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Uri Simonsohn warns us not to be falsely reassured

I agree with Uri Simonsohn that you don’t learn much by looking at the distribution of all the p-values that have appeared in some literature. Uri explains:

Most p-values reported in most papers are irrelevant for the strategic behavior of interest.

Covariates, manipulation checks, main effects in studies testing interactions, etc. Including them we underestimate p-hacking and we overestimate the evidential value of data. Analyzing all p-values asks a different question, a less sensible one. Instead of “Do researchers p-hack what they study?” we ask “Do researchers p-hack everything?”

He demonstrates with an example and summarizes:

Looking at all p-values is falsely reassuring.

I agree and will just add two comments:

1. I prefer the phrase “garden of forking paths” because I think the term “p-hacking” suggests intentionality or even cheating. Indeed, in the quoted passage above, Simonsohn refers to “strategic behavior.” I have not doubt that some strategic behavior and even outright cheating goes on, but I like to emphasize that the garden of forking paths can occur even when a researcher does only one analysis of the data at hand and does not directly “fish” for statistical significance.

The idea is that analyses are contingent on data, and researchers can and do make choices in data coding, data exclusion, and data analysis in light of the data they see, setting various degrees of freedom in reasonable-seeming ways that support their model of the world, thus being able to obtain statistical significance at a high rate, merely by capitalizing on chance patterns in data. It’s the forking paths, but it doesn’t feel like “hacking,” not is it necessarily “strategic behavior” in the usual sense of the term.

2. If p-values are what we have, it makes sense to learn what we can from them, as in the justly influential work of Uri Simonsohn, Greg Francis, and others. But, looking at the big picture, once we move to the goal of learning about underlying effects, I think we want to be analyzing raw data (and in the context of prior information), not merely pushing these p’s around. P-values are crude data summaries, and a lot of information can be lost by moving from raw data to p-values. Doing science using published p-values is like trying to paint a picture using salad tongs.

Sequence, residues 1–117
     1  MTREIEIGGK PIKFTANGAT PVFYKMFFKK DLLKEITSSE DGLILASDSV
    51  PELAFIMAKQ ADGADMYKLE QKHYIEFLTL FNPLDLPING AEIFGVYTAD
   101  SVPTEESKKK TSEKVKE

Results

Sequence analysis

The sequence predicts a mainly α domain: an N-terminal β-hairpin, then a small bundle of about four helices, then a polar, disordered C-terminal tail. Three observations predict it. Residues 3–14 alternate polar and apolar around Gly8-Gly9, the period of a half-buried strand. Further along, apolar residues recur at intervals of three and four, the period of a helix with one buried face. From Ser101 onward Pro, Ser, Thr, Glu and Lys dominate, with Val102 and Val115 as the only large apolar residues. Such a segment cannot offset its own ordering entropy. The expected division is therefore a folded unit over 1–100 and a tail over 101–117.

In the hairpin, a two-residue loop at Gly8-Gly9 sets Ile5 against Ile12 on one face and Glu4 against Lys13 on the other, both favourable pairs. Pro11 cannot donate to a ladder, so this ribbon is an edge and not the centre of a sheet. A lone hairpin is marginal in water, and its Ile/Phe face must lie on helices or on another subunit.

12 Comments

  1. Economist says:

    My perspective may be (very) slightly different from yours. I think people who come at any empirical analysis from a data-first perspective don’t understand the relationships they are trying to estimate. So discussions revolve around whether an effect/rlship is true or false. In social science, at least, the discussions should involve i) when is something true ? ii) how large is the effect ? iii) what is the cost of being wrong (which cannot be separated from the “why do you want to know” question.)

    From this perspective, all paths in the “garden of forking paths” are useful. Together, all paths tell a story. So say, you find that some relationship was significant with one model specification and not in another. Then the main work is trying to understand why, and then seeing if this story hold in other samples and can be replicated. So then trying to figure out if this was just sample variability.

    I see the over-emphasis on significance a consequence of analyses done by groups at two extremes :
    i) people who know their methodology and have a poor understanding of the domain. Frankly, how many applied stats papers or application sections in theory papers, start with some model that the statisticians just pulled out of a hat and then go on to expend a lot of energy trying to estimate parameters (means and/or distribution). The resulting analysis will only be as good as the weakest link – in this case the weakest link is the atheoretical model specifications – which are often just shite.

    ii) people who have no understanding of statistics.